It’s Monday, and Dave’s expecting me. I get the key from him and go up to the prop cabinet to look around for things that might be useful. I’ve been prop master for a healthy number of shows now, and this is still my favorite part. I love seeing the stuff theaters just have lying around. It’s like being in a toy store.
We’ve got some fun things here at Duke. There’s an entire cabinet devoted to an inflatable doll of Gumby. There are phones and TVs from every period you could ever want, old furniture, books, toys, and what feels like thousands of pieces of dishware. As tempting as it is to just play, though, I have a job to do, and Dave needs to leave in an hour and a half.
So I pull out my list and I get to work. I want two phones, a black and a white. I want some small boxes that the actors can use until I get some real tape recorders. I think about taking some umbrellas from a bin by the electronics, thinking they might be a nice touch for the funeral scene, but decide that would be a little contrived (besides, where will they put them when they’re carrying their picket signs and wings?). I fail, disappointingly, to find anything that can be used as a replacement camera right now.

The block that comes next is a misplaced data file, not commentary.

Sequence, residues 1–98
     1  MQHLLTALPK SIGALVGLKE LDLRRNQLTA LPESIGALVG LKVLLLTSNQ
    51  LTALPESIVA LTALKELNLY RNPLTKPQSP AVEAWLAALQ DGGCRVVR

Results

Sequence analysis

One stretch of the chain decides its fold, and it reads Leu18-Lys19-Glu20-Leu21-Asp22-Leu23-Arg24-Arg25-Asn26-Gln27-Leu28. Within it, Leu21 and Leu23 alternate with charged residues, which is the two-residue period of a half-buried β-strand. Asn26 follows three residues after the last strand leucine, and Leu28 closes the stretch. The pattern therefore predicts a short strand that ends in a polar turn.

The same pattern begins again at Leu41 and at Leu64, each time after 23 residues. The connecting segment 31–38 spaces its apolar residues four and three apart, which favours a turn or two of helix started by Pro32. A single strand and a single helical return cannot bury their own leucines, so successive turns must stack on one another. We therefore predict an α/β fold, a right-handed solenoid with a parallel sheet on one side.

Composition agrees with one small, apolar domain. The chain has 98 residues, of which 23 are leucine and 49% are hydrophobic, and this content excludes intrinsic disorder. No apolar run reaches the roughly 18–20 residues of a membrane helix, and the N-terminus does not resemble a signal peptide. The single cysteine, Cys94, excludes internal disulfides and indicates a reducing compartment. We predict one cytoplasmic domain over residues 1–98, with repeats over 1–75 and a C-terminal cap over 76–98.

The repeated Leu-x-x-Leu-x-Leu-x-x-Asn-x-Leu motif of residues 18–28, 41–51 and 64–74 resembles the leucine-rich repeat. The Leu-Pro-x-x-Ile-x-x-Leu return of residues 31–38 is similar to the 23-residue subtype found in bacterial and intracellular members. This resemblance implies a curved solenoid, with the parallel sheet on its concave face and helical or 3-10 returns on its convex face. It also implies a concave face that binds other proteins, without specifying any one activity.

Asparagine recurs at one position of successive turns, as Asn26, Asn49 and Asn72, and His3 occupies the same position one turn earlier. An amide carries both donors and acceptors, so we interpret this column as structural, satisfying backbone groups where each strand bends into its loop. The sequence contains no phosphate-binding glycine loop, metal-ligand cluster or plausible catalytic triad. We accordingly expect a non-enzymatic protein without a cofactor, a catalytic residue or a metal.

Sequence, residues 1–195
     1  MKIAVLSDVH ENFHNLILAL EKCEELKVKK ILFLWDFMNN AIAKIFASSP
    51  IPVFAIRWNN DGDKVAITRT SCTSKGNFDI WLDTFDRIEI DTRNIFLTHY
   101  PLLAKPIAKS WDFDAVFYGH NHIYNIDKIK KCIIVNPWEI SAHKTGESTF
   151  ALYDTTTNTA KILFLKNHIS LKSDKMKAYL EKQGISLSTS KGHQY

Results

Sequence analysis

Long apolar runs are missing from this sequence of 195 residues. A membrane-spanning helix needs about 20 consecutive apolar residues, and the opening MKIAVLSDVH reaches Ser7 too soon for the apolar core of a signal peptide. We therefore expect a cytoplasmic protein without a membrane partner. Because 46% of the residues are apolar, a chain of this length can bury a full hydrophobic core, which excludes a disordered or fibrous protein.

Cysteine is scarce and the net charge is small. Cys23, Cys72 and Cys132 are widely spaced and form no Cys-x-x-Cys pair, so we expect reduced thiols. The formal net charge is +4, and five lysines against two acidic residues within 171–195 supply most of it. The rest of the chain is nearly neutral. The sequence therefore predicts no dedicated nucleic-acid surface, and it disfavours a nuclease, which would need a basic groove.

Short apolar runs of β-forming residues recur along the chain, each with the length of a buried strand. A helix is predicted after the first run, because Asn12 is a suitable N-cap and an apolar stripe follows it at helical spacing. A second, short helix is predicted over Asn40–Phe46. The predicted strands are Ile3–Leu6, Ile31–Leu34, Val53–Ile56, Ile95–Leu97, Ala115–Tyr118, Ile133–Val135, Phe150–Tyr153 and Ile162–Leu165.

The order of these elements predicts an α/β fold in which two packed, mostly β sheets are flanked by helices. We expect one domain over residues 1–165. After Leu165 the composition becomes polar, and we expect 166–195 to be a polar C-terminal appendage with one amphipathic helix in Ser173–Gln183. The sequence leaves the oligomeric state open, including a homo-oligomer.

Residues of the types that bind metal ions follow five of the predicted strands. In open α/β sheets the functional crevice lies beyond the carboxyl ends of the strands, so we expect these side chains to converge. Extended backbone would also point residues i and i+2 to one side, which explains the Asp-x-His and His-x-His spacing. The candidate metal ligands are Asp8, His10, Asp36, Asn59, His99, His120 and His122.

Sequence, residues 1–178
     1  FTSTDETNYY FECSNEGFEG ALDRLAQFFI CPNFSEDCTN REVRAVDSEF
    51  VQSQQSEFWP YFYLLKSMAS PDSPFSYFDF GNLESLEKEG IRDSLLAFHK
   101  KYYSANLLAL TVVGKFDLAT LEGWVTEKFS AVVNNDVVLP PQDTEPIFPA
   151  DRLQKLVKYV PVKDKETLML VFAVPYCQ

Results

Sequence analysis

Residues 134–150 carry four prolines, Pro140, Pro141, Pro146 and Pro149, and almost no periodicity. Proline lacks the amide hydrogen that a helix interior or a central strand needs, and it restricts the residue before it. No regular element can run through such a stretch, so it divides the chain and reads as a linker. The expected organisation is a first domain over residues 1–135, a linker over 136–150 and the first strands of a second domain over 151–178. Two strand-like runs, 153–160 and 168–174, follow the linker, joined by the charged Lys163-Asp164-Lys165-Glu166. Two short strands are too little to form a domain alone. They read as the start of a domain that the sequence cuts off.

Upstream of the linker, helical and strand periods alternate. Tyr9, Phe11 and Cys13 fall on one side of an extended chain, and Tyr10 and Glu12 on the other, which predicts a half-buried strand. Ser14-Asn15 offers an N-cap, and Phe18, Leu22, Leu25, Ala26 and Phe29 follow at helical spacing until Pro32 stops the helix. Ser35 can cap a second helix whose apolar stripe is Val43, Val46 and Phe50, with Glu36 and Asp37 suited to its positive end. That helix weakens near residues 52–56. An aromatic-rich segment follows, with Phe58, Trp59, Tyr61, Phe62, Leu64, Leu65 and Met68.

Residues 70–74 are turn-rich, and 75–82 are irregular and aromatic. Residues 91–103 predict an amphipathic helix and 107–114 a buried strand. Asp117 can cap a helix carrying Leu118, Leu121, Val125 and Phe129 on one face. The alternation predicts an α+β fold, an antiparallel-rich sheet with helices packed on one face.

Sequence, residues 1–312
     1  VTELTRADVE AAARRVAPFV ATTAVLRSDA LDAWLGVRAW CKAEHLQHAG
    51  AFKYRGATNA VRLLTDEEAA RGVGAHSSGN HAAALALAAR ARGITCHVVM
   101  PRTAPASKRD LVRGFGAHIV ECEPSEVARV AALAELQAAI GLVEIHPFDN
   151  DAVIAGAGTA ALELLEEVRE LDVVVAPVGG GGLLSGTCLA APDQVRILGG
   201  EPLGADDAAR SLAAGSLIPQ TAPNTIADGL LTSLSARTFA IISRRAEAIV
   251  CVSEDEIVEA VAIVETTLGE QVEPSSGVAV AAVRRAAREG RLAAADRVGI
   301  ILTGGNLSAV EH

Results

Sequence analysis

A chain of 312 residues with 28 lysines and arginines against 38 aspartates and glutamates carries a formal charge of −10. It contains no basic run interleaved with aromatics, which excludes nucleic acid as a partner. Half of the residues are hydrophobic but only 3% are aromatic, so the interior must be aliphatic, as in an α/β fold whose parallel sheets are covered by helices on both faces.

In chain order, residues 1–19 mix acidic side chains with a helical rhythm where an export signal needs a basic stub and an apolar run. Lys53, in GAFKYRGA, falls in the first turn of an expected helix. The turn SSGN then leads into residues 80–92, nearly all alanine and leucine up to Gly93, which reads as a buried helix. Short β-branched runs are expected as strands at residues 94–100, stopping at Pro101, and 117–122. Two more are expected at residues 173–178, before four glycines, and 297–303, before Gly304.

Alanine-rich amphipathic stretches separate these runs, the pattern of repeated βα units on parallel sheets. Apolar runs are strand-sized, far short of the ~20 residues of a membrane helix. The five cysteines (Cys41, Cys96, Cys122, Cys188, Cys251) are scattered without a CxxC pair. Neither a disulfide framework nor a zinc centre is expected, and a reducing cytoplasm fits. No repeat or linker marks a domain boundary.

It’s weird, working on a show like this in what seems like such an impersonal role. Jeff has a need, I provide. Jeff or Torry asks for a picket sign that says “Fags Doom Nations,” I ask what color and how big. But even up here in the cabinet, I don’t feel emotionless. I hold this ’90s-style black telephone and imagine that it’s the Baptist minister’s phone, and I feel my blood pressure rise a little as I think about that scene where he’s preaching his dogma. It’s amazing what holding a telephone receiver can do to you, and what it becomes when you put it onstage.
My list isn’t even close to done. There are things to buy, and things to build. I take my box of props downstairs and lock it up where Jeff can find it. I’ll be back again when I know more of what we need. On the way out, I have a fleeting moment where I wonder if we’re going to stick those picket signs up there when we’re done with them. No matter. It’s not the time for that yet.